Monday, September 3, 2012

The Second Exodus Part 10 conclusion.

Firstfruits and the Harvest resurrection.

During the Old Covenant era no one went to heaven. (John 3:13). All people were believed to go to Sheol when they die physically Psalms 89:48, What man can live and not see death? Can he deliver his life from the power of the grave? Selah.

The destiny of the “souls” did not distinguish between the righteous and the fate of the wicked; all descended to Sheol and remain there (Genesis 37:35). They went to a holding place of the dead and waited for the atoning work of Christ to be finished and the resurrection from the dead. (Daniel 12:1-4) Sheol was the place of the dead, the diseased an underworld realm of departed spirits (Psalm 116:3).

In the Old Testament, the Hebrew word for where they were prior to the resurrection is Sheol. In the New Testament the Greek word is Hades. The Old Testament uses the word "Sheol" to refer to a place in the depths of the earth. Death involved the withdrawal of a person’s vital power the (nepes, “soul” departing from the body (Genesis 35:16-20). The close association of death, and the grave / Sheol had long been recognized among the Israelites.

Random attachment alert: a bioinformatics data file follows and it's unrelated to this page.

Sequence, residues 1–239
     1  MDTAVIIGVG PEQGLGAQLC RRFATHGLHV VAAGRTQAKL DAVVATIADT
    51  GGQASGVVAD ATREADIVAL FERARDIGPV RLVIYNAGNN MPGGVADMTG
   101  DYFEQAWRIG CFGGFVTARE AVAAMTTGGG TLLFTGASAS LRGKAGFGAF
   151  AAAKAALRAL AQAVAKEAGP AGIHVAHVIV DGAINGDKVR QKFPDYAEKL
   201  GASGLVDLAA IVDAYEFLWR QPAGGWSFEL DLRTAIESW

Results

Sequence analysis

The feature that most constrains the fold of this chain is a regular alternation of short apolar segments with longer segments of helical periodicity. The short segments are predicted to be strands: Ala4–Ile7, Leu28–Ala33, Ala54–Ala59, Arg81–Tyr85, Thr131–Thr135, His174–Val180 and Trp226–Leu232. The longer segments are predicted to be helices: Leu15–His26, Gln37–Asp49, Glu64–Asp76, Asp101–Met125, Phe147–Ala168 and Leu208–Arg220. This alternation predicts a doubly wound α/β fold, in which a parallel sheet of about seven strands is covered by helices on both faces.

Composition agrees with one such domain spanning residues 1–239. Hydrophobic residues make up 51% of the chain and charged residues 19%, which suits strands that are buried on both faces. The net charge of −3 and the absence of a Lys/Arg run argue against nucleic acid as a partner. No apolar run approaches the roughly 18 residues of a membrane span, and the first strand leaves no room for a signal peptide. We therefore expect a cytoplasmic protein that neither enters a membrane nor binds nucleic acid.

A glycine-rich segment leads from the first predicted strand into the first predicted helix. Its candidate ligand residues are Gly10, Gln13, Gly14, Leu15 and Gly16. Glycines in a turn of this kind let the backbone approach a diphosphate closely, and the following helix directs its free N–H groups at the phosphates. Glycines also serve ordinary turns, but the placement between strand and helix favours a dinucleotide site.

Resurrection was promised to Israel (Isaiah 25:8-9; Hosea 13:14; Daniel 12:1-4), and it constituted "the hope of Israel" (Acts 26:6-9). This hope resided at the heart of the gospel preached to Israel (Acts 2:22-39; 4:1-2; 13:32-39; 23:6; 24:14-15).

In the process of God revealing His plan for Israel resurrection He established a concept through Israel’s harvest seasons. The apostle Paul understood this concept since he writes. "But now Christ is risen from the dead, and has become the firstfruits of those who have fallen asleep ... For as in Adam all die, even so in Christ all shall be made alive. But each one in his own order: Christ the firstfruits, afterward those who are Christ's at His coming." (1 Corinthians 15:20, 22-23) God uses the analogy of first-fruits and harvest particularly to illustrate aspects of His plan of salvation for Israel.